That’s how Twitter’s restriction on message length is what makes short messages possible, which leads to the revelation that short messages are really important. When a band you like is about to come out with a new album, or go on tour, that’s a short message. If your favorite restaurant has some interesting specials today, that’s short. If the NWS has issued a tornado warning that’s short (and yes they are doing that sort of thing on Twitter now). Your example on new papers is good too.

        If you think about these examples, without Twitter you’d typically fill these needs through aggregation. You’d subscribe to a music magazine that talked about lots of artists, and you’d listen to the radio for weather. Not sure how you’d hear about specials from one small restaurant. In any case you’d never know whether your music magazine considered your favorite artist(s) to be important enough to talk about. You’d just hope you’d find out somehow.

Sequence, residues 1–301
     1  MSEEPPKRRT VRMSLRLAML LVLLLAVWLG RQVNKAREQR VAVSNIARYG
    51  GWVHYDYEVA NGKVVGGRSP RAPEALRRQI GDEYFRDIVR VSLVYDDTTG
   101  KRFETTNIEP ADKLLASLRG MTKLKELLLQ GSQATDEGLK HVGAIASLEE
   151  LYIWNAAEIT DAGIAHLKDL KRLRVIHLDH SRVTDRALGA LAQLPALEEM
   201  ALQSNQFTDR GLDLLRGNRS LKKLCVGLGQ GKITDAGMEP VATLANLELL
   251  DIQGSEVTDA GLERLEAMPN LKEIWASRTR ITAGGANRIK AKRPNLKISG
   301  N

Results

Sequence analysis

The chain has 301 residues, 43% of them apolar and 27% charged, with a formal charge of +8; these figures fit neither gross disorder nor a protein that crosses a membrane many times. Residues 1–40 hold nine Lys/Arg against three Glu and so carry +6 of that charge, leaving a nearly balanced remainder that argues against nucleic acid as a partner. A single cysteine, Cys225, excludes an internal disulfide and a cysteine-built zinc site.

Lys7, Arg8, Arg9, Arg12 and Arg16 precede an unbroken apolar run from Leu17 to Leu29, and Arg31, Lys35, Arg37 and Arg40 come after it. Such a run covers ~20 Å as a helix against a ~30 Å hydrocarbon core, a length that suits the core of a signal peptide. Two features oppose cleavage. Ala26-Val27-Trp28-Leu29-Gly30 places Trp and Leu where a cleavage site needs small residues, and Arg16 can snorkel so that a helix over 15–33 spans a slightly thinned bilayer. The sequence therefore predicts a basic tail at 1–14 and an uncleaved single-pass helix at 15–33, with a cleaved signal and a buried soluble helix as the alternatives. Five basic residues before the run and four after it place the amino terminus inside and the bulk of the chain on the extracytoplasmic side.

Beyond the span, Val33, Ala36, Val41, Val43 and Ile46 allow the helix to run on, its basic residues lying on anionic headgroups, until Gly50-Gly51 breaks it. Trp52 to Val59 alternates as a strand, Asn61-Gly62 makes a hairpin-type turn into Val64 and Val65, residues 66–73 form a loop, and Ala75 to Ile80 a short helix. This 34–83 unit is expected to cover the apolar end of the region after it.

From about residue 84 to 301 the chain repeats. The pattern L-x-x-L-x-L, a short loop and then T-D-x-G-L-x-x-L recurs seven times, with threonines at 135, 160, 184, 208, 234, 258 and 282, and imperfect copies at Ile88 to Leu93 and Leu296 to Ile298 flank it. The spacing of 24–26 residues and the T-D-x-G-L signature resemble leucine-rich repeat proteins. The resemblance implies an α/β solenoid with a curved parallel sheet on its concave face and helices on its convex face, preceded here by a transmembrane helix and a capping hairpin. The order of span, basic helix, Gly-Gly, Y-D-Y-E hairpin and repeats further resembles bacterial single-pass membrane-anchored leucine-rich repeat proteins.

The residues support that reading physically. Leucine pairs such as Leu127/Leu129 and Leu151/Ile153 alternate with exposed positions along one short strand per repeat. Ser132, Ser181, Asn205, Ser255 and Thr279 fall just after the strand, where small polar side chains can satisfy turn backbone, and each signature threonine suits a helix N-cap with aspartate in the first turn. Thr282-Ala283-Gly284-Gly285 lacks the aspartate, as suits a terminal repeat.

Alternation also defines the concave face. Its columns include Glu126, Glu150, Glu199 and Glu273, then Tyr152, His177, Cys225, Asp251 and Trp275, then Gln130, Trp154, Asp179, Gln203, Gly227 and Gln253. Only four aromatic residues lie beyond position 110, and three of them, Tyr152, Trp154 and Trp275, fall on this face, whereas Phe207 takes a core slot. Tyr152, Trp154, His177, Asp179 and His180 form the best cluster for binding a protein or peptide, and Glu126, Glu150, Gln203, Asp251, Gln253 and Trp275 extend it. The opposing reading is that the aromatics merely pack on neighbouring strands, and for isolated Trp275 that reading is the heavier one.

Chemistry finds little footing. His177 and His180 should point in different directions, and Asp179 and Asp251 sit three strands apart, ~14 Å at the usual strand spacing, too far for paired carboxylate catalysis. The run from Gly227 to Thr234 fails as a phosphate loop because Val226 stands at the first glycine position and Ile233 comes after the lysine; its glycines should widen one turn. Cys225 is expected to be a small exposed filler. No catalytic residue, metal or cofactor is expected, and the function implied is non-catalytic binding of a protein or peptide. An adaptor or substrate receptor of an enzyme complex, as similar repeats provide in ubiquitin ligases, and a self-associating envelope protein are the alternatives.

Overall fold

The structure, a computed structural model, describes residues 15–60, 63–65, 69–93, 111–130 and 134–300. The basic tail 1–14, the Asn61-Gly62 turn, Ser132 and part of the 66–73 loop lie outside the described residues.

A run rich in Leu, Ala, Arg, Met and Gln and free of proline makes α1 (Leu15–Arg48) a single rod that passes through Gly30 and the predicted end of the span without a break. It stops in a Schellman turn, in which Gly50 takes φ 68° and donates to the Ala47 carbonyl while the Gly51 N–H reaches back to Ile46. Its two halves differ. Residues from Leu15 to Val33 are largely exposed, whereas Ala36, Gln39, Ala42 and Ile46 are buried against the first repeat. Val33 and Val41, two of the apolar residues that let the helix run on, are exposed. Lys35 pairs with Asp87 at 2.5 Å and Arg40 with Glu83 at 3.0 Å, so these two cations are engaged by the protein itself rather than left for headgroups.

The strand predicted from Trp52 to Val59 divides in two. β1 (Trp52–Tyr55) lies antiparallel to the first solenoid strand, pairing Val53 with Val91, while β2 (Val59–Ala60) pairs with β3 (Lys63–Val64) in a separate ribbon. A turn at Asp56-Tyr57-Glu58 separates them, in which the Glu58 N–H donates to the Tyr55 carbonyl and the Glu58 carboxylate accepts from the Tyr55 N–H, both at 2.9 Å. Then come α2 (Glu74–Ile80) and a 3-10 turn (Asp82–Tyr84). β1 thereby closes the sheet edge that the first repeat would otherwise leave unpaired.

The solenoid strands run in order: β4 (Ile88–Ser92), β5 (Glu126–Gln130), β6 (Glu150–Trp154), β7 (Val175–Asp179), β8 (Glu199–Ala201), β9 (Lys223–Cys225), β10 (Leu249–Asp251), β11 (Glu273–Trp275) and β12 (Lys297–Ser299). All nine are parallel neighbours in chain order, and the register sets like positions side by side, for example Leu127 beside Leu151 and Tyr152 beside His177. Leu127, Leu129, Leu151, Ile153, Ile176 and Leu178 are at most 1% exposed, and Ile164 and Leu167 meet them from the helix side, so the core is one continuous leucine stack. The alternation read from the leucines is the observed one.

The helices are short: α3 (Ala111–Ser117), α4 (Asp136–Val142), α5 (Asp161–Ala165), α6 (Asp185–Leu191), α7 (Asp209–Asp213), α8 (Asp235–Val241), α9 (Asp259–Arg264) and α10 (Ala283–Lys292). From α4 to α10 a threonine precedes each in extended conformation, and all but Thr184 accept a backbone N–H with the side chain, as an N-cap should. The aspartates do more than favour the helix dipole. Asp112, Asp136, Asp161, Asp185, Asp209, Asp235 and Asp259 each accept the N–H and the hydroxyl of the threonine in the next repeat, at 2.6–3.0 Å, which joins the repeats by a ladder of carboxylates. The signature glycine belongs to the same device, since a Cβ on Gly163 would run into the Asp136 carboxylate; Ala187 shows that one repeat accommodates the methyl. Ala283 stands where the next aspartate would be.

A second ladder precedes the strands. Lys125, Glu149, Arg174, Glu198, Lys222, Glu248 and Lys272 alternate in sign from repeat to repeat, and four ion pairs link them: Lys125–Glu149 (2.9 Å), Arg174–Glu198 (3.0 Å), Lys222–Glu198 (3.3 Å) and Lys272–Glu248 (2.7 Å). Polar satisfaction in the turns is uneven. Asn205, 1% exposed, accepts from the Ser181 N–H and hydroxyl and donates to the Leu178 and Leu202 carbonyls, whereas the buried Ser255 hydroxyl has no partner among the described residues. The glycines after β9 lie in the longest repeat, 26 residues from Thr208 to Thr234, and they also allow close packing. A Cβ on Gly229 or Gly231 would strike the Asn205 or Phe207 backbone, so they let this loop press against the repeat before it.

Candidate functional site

So I use Twitter to follow every band/restaurant/bar/critic/person I like who’s on there, and see what they have going on. They can provide me with interesting short thoughts or updates, but they can’t abuse my attention with long paragraphs. That allows me to keep up with more things and has certainly enriched my life.

        Sorry for the (ironically) very long response.